I had a great-aunt, Jean, who when I was growing up seemed to be about 100 years old. She was probably not even close, but since I had no living grandparents, to me, she was what aging was all about. And it was great. She was a sparkplug, as they said back then, and always had a quip ready. Most of them went over my head, though gales of adult laughter ringing through memory makes me think most of the jokes were “blue”. But she would always draw my attention, point her cane over to her medicine cabinet—with its seemingly hundreds of bottles of pills—tell me that she was starting her own drug store, and that if I knew any old people I should send them over. That always tickled me, and I was constantly in awe of how she could keep all these medicines straight.
It turned out, sadly, that she couldn’t. She refused help, and frequently forgot to take some of her medicine, or took the wrong kind, and quickly declined. My father never got over losing his oldest living relative to something as seemingly trivial as poor organization, and when he got older, he became a fanatic about medicine management. But even for him, it was difficult. He and my mom spent hours getting everything organized for the week, and were still always worried they had messed up.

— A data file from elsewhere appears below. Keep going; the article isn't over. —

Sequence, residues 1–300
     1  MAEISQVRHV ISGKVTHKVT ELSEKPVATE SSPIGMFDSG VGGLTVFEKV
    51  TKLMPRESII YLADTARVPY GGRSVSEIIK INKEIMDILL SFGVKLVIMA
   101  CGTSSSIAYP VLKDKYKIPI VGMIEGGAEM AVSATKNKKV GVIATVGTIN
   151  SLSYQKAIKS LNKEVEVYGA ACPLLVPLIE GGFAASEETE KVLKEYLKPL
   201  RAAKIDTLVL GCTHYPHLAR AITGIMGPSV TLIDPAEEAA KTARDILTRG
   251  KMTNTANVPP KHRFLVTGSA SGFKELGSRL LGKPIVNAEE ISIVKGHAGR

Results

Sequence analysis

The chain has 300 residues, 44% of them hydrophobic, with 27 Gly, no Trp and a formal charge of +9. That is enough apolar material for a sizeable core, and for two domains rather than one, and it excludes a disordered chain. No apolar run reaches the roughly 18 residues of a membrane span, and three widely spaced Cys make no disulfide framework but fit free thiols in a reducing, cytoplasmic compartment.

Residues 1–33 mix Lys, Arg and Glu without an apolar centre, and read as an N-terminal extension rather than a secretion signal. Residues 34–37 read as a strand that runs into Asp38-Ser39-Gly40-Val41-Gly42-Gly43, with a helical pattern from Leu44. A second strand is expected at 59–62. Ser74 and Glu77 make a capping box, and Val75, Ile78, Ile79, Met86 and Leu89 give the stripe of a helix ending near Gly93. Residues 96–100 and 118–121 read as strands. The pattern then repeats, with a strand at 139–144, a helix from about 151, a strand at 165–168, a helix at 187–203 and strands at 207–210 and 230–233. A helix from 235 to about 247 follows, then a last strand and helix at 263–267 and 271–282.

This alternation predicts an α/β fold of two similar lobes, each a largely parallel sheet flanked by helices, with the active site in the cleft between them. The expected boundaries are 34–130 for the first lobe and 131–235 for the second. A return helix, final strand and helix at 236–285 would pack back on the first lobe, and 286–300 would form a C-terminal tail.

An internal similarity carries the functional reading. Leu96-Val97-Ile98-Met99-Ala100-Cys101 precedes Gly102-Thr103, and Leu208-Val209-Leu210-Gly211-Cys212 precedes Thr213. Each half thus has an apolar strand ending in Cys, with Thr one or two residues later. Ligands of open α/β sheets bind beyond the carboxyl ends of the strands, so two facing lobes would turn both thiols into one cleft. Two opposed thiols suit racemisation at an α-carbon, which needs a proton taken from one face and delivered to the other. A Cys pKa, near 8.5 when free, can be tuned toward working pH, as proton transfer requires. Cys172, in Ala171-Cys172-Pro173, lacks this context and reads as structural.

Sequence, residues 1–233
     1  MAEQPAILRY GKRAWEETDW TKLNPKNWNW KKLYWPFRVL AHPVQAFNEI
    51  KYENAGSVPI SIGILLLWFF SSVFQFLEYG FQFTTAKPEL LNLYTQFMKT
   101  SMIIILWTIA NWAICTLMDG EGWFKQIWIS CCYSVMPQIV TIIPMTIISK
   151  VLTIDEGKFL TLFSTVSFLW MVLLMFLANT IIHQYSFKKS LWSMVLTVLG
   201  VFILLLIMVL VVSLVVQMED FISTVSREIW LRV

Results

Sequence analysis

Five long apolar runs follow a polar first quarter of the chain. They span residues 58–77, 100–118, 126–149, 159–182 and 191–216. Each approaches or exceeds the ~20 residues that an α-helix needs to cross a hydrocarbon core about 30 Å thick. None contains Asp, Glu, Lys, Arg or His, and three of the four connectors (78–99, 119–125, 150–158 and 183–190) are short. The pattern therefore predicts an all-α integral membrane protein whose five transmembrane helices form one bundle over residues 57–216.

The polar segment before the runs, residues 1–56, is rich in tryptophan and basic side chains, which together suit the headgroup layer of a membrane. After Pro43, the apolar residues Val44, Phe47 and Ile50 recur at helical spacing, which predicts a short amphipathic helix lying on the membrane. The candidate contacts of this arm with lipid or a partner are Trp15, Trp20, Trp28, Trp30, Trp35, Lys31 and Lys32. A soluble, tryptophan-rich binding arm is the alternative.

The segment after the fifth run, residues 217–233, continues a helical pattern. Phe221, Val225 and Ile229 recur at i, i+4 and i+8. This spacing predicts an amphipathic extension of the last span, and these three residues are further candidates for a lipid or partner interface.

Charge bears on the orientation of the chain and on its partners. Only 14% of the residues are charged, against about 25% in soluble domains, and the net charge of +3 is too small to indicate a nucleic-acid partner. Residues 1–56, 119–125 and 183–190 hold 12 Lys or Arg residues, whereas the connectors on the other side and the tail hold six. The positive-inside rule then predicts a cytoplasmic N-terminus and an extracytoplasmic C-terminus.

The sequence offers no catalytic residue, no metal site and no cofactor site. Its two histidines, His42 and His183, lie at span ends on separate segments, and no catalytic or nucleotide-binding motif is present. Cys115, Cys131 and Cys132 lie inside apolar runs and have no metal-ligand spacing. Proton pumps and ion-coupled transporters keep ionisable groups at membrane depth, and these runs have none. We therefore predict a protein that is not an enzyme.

That’s a fear for anyone who is a caregiver or has an aging loved one they are taking care of. Older adults are prescribed, and sometimes overprescribed, a lot of medicine. One recent study estimated that people between the ages of 65 and 79 received an average of 27 new prescriptions per year. If you can’t always be there—which is almost always the case—there is a real worry that pills will go untaken, or will be taken at the wrong time, or that too many will be ingested. The rise of medication management technology, though, which promises to be a powerful tool for organization, can help to ease worries while maintaining the health of our aging loved ones.
What Is Medication Management Technology?
Medication management technology is a crucial part of the health technology revolution. It is one of the more important components of aging in place because it minimizes the danger of messing up medications. After all, very few of us are actually pharmacists.